Frustrated by Greece’s cat and mouse game with its creditors? Get used to it.
Even if Prime Minister Alexis Tsipras clinches as much as 7.2 billion euros ($8 billion) from a bailout tranche creditors are withholding, he’s going to need another cash infusion shortly thereafter.
What will ensue is a renewed battle after almost five months of trench warfare. The beleaguered country requires a third bailout of about 30 billion euros, according to Nomura International Plc analysts Lefteris Farmakis and Dimitris Drakopoulos. The final bill will depend on whether fellow euro member states grant Greece any debt relief, and what form that relief would take, they said.
Tsipras says any aid must be on his terms rather than those of governments whose taxpayers have forked out billions in the past five years to keep Greece in the euro. The standoff has triggered an unprecedented liquidity squeeze, pushing the country’s economy back into recession, and thus raising the total sum of additional loans Greece may need after its current euro-area-backed bailout expires this month.
“Any plausible deal at this stage is unlikely to do enough and it’s unlikely to be the end of the matter,” said Simon Tilford, deputy director of the Centre for European Reform in London. “This could just play out again and again.”
The latest episode in the five-year saga has focused on releasing the final tranche of Greece’s second bailout. The amount at stake roughly equals the bond repayments that Greece needs to make to the ECB in July and August.
Here’s the problem for the policy makers struggling to avoid a default in Athens: Even if Greece muddles through until August, it faces a financing shortfall of about 25 billion euros through the end of 2016. That’s likely to worsen as the economy slides deeper into recession and tax revenue shrivels.
Tsipras, 40, faced a united front from Group of Seven leaders at the weekend, with U.S. President Barack Obama putting concerns over the impasse onto the agenda of a summit hosted by German Chancellor Angela Merkel.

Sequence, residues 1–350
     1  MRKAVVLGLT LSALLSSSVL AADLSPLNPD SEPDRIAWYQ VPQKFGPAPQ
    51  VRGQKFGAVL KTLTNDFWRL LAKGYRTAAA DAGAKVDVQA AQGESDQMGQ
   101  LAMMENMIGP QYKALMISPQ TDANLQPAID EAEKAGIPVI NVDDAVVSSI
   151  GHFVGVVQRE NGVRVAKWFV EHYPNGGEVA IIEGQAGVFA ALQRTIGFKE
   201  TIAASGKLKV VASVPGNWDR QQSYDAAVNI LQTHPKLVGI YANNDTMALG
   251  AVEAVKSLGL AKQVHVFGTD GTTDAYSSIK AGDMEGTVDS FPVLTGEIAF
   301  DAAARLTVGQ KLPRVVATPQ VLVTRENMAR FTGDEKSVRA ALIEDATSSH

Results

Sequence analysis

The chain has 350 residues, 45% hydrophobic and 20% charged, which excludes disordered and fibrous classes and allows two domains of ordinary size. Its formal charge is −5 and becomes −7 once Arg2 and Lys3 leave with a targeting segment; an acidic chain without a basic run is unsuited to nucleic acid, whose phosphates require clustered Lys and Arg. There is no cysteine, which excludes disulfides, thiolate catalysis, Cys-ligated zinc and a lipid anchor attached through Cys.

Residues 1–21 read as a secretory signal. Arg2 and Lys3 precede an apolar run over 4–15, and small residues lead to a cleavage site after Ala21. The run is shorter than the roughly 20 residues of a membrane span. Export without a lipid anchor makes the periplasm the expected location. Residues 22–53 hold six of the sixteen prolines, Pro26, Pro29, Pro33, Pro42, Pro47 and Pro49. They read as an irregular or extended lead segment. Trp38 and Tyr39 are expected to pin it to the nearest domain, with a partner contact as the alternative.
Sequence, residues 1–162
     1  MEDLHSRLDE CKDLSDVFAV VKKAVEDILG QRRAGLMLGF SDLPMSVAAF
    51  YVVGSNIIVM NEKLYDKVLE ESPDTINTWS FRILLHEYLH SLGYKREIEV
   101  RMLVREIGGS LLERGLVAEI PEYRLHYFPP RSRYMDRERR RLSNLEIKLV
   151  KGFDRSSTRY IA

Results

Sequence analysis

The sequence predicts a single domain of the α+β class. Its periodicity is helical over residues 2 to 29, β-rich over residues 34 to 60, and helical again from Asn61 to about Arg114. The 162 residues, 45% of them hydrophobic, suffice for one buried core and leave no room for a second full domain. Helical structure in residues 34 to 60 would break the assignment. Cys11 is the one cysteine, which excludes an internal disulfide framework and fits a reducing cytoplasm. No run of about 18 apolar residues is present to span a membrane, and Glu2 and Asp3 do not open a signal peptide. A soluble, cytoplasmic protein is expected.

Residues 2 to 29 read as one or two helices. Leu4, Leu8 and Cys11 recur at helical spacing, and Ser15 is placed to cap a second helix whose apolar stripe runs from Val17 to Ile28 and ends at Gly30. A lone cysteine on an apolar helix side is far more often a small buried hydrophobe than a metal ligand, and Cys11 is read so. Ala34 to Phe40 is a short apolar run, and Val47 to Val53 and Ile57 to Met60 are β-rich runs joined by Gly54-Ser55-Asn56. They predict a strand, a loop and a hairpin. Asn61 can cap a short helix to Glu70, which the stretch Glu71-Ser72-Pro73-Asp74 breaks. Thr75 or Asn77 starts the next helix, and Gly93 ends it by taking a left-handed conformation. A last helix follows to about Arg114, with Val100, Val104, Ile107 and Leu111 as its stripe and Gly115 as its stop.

There was another tense exchange between both sides, with Tsipras telling the Greek Parliament on Friday the latest offer from creditors was unacceptable and he hoped it was just a “bad negotiating trick.” European Commission President Jean-Claude Juncker, who met Tsipras last week, said the prime minister had misrepresented aspects of the talks and he should observe some basic rules to maintain good relations.
Negotiations over a third bailout would give Tsipras an opportunity to push the key demands -- debt relief and more generous pensions -- that propelled him to power in January and that have isolated him in the euro area.
Then there are the fractures on each side of the negotiating table. Among creditors, the International Monetary Fund says Greece’s financial burden may be unsustainable; the EU says it needs to honor its commitments.
On the Greek side, Tsipras’s Syriza coalition is plagued by infighting over possible concessions, differences that may ultimately force him to call new elections.
Another potential wildcard with any agreement with creditors is whether the IMF coughs up its portion of the existing bailout.
The IMF typically requires countries to have enough financing to get them through at least a year, before disbursing any loans. IMF staff also analyze whether debt is sustainable over the medium term. The IMF believes Greece needs to establish a credible target for a budget surplus backed by changes to pensions and other reforms, an official involved in G-7 talks said in Dresden last week.
“The dependence on our creditors will remain for two years in the best-case scenario,” said Aristides Hatzis, associate professor of law and economics at the University of Athens. “Greece is going to need cheap loans for the next two years.”